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Concert Reviews

Emilie-Claire Barlow at Koerner Hall – Dec 17, 2017

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A Class Act

Another first for me, a Christmas holiday show to see a Canadian jazz chanteuse. A debut concert at the Royal Conservatory in support of her new album Lumières d’hiver, her twelfth independently released album on her own label, Empress Music Group.  Emilie-Claire Barlow, with a performing career spanning over twenty years. Someone who I hadn’t seen live for about ten years, not since her time with Bill King’s Real Divas. She has honed her skills as an arranger, producer, manager and bandleader, as well as winning  numerous awards and accolades along the way.

The introduction showed class, individual members of the band coming on stage one at a time, beginning with Kelly Jefferson. He would play his shaker to a holiday rhythm, a great shaker player. He was followed by the bassist Daniel Fortin, then drums, keys, guitar, the backing vocalists and last but not least the star of the show Ms. Barlow. The song progressed from a shaker to a full blown sound, a French song or two, as she indicated to the audience we had just heard “Combien de Noël” and “Janvier”.  At one point in the intro she danced over to the pianist – Amanda Tosoff and joined her for a bar or two, a different approach to showing the audience she can play piano too.

Ms. Barlow was shimmering this night, in a long golden gown, bare shoulder, open back. Black strap stiletto heels peaked out as she pranced across the stage in glowing splendour. Her hair, done up in a bun and pulled tightly back,  she looked elegant and sophisticated.  A class act. Her band looked classy as well, the men all dressed in suits, the back up vocalists, three ladies, Kathryn Rose, Stephanie Martin and Rique Franks were dressed elegantly in formal wear, dark dresses and high heels. The string section made up of three women and one man were also looking dapper.

Emile-Claire Barlow seems at ease on stage, she enters into easy rapport with her audience, she can be funny, cracking a joke or telling a story of life on the road or in the tour bus. She can get serious with stories of how songs came to be written, as the one composed by her mother, “Angel’s Lullaby” a tribute to her mother who was in the audience. The song performed as a beautiful ballad, heartfelt and displaying an impressive vocal range by Ms. Barlow.

Emilie-Claire Barlow - Lumieres d'hiverThe new album, Lumières d’hiver comprised of fourteen songs is Christmas jazz, I believe the audience heard the complete album this night including some songs from her other albums. The show was well produced, the back up vocalists departed the stage to make way for the string section who joined the show about six songs in. The strings played on “What Are You Doing New Year’s Eve” a great arrangement, with a full lush sound.  Another song with strings, “I’ve Got My Love To Keep Me Warm”, I was most impressed with the strings of Reg Schwager who took an inspired solo during the song. “Santa Baby” was another one with a duet intro by Emilie-Claire and Mr. Schwager before the band kicked in to make this a frolicking festive favourite. The strings would depart to make room for a new set of strings, Melanie Doane and 26 of her students from the Doane Uschool, who were then joined by another 125 kids all of them with ukuleles who came in through the aisles and mingled with the audience. I have never seen, nor heard so many ukes. And away we all went, with a rousing rendition of “Dashing Through The Snow”.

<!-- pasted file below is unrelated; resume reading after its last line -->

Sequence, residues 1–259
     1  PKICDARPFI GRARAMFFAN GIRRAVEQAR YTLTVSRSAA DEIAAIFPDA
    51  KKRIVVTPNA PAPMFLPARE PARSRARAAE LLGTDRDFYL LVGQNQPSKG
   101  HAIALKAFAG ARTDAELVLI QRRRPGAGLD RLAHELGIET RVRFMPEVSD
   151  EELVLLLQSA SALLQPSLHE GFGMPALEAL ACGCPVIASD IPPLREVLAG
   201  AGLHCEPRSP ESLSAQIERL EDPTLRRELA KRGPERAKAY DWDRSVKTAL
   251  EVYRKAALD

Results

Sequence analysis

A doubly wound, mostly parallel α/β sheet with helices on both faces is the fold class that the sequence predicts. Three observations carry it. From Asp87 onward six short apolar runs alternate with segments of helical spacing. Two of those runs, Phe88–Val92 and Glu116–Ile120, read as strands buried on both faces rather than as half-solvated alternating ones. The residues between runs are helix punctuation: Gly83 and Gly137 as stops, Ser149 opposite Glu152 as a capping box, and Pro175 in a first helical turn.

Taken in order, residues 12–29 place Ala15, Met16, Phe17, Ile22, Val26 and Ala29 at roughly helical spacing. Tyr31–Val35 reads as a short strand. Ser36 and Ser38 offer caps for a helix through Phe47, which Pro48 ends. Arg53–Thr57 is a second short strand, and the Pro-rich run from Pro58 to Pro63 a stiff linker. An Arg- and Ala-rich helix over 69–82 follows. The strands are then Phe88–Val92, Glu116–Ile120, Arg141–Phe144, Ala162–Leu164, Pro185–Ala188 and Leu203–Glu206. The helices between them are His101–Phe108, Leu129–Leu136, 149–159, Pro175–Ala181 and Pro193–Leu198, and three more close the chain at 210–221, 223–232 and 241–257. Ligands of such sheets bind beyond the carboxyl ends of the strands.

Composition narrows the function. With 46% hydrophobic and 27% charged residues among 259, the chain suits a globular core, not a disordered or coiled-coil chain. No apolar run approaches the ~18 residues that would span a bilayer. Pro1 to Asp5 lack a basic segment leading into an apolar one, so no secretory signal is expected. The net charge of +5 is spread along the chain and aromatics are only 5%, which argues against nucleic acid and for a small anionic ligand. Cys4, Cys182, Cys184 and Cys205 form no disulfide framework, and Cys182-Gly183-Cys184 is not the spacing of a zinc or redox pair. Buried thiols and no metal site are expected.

After so much excitement it was time for the rest of the band to take a pause,  and the audience was treated to a duet of Reg Schwager and Emilie-Claire Barlow. A beautiful rendition of “Bells Will Be Ringing”  performed slow and mellow, full of serenity and the blues. One of the songs from the new album that really impressed me, “River” by Joni Mitchell, with arrangements by Ms. Barlow and Mr. Webster. A fresh, inspirational take on a classic tune. One by one the band rejoined for songs in trio format, quartets and quintets until we arrived at the point where the full band was on stage and Ms. Barlow introduced her stellar cast to the audience. The first of a couple of standing ovations, while the audience paid homage to the entertainers. The final song  “Winter Wonderland” had all of the musicians romping and grooving with a fast upbeat rhythm.  Kelly Jefferson blowing his heart out on the tenor saxophone with stops and starts and howls of delight. The string section was strumming with fire, the back up singers were movin’ and shakin’. A grand finale, an exciting ending to a wonderful concert.

The Cast

Emilie-Claire Barlow, vocals
Kelly Jefferson, tenor saxophone
Reg Schwager, guitar
Amanda Tosoff, piano
Fabio Ragnelli, drums
Daniel Fortin, bass
Melanie Doane, ukulele
François Pilon, violin
Mélanie Bélair, violin
Ligia Paquin, viola
Sheila Hannigan, cello
Kathryn Rose, vocals
Rique Franks, vocals